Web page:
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RATES OF NUCLEOTIDE SUBSTITUTION

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  1. RATES OF NUCLEOTIDE SUBSTITUTION rate = # substitutions per site per unit time (year or generation) Ancestral sequence Sequence 2 Sequence 1 If r = rate K = # sub between 2 homologous sequences T = time of divergence r = K / 2T Then Why is there 2T in the denominator of equation?

  2. In the literature, K or d (rather than r) is often used for rate, (eg. Table 4.17, p.163) …so be sure to check context and units in figures Within coding sequences, can separate the rates into: KA = amino acid-altering substitution rate # non-synonymous sub. / non-syn. site / year KS = synonymous substitution rate # synonymous sub. / syn. site / year dN/dS term often used when comparing rates of non-syn sub vs. syn sub What are rates of nt substitutions between wheat and maize nuclear genes (i) at synonymous sites and (ii) at non-synonymous sites? p. 159-160

  3. Rates of nt substitution in different parts of genes Fig. 4.3

  4. 1. Non-degenerate sites under greatest functional constraint - any change will alter protein 2. Sequences that are “selectively neutral” evolve rapidly eg pseudogenes, 4-fold degenerate, introns… - can be useful in “molecular clock” studies 3. Flanking (5’) & untranslated regions somewhat constrained - because contain gene regulatory signals

  5. Similarity profile for 2 aligned DNA sequences Fig. 4.4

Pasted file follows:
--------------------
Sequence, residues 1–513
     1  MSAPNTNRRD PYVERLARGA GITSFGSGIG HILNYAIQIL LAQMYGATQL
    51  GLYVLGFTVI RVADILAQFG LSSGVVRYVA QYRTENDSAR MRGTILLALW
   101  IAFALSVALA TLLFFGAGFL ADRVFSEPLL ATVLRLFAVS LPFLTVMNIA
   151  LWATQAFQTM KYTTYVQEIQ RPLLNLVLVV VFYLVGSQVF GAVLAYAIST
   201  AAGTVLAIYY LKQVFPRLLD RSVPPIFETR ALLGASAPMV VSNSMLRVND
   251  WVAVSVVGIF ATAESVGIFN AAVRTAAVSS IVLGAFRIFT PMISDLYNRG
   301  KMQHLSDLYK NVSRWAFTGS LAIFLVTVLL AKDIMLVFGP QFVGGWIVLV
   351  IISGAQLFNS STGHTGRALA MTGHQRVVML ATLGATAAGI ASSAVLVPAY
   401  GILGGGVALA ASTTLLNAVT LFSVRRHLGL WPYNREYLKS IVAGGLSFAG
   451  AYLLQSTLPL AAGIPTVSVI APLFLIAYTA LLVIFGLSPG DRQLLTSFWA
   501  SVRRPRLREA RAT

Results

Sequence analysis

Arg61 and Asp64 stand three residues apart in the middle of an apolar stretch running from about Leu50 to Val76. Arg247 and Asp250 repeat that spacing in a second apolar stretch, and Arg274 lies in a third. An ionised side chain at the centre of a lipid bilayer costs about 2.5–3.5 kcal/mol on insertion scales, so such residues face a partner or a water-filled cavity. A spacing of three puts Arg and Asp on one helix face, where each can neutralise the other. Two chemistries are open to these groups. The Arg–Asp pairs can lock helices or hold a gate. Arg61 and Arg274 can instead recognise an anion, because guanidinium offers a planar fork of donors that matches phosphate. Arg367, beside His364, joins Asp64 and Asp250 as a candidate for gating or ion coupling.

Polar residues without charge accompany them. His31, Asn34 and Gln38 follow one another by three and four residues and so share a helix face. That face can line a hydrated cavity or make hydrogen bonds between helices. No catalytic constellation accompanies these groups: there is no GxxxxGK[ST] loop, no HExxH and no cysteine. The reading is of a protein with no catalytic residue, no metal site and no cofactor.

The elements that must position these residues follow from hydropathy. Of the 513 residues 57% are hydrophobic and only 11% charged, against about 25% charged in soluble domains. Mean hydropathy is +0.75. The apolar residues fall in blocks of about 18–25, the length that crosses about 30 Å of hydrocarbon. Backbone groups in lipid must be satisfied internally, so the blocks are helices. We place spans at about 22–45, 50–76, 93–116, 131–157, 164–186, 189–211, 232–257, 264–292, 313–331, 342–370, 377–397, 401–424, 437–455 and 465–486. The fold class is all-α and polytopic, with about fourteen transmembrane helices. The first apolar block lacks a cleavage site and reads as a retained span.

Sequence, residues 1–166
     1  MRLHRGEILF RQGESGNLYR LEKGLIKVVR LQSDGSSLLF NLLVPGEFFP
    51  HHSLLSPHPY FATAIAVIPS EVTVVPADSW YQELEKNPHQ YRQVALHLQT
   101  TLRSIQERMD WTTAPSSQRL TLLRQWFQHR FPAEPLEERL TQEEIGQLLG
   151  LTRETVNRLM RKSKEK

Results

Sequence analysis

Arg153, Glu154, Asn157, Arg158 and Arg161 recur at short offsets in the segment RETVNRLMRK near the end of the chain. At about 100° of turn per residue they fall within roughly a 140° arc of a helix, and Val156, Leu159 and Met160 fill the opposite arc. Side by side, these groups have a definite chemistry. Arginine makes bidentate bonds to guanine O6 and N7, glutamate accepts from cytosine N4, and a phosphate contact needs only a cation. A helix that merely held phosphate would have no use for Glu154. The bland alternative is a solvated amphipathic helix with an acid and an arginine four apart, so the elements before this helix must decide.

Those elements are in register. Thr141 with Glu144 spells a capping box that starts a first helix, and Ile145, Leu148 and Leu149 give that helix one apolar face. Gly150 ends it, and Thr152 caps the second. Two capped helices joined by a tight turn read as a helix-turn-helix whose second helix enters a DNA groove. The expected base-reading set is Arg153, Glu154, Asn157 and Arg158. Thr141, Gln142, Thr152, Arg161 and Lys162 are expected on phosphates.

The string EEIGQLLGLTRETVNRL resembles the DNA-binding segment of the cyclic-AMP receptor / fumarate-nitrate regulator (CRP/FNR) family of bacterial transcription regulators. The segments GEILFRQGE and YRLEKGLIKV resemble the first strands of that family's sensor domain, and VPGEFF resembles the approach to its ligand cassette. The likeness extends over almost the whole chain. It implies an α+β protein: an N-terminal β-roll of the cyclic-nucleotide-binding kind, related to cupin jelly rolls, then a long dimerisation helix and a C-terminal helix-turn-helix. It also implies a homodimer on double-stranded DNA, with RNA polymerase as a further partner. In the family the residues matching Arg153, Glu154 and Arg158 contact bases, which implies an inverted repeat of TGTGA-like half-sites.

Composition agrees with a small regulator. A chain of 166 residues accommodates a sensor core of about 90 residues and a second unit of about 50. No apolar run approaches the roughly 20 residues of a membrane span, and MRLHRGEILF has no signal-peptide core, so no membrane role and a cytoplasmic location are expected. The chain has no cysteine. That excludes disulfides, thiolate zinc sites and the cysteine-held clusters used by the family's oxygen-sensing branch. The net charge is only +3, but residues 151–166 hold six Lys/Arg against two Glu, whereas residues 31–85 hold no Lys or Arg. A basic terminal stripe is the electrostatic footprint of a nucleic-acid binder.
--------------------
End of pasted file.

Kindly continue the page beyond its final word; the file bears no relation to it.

6. Table legend: “Rates are in units of substitutions per site per 109 years” Non-synonymous rates vary greatly among genes (~100-fold range), but synonymous rates are relatively similar KS usually much higher than KA

  7. Ribosomal proteins - fundamental role in protein synthesis - interact with rRNA and/or other rib. proteins Histones - fundamental role in DNA packing - basic, compact proteins that interact with DNA and/or other histones Immunoglobulins - antibody diversity important for immune response & recognition of foreign antigens Fig. 4.6 For non-synonymous sites, the stronger the functional constraint on aa sequence, the slower the rate of evolution

  8. Convert Table 4.1 information into Figure format On log scale, plot values of KS and KA for: S14 ribosomal protein insulin a-globin growth hormone Ig k interferon b 1 10 102 103 104 105 Need to choose appropriate range for scale (and units)…

  9. Non-synonymous substitutions rates within genes Various functional (or structural) domains can be subject to different constraints and evolve at different rates Fig. 4.5

  10. Rate of nt substitution depends on: 1. Functional constraints - usually strong selective pressure against changes that alter the protein, but … cases of positive selection 2. Mutational rate - certain regions of genome may evolve at different rates Y chromosome sequences evolve ~ 4 - 6 fold faster than homologues on other chromosomes Number of germ cell divisions for egg vs. sperm production males ~ 200 females ~ 33 DNA replication errors, lack of recombinational repair…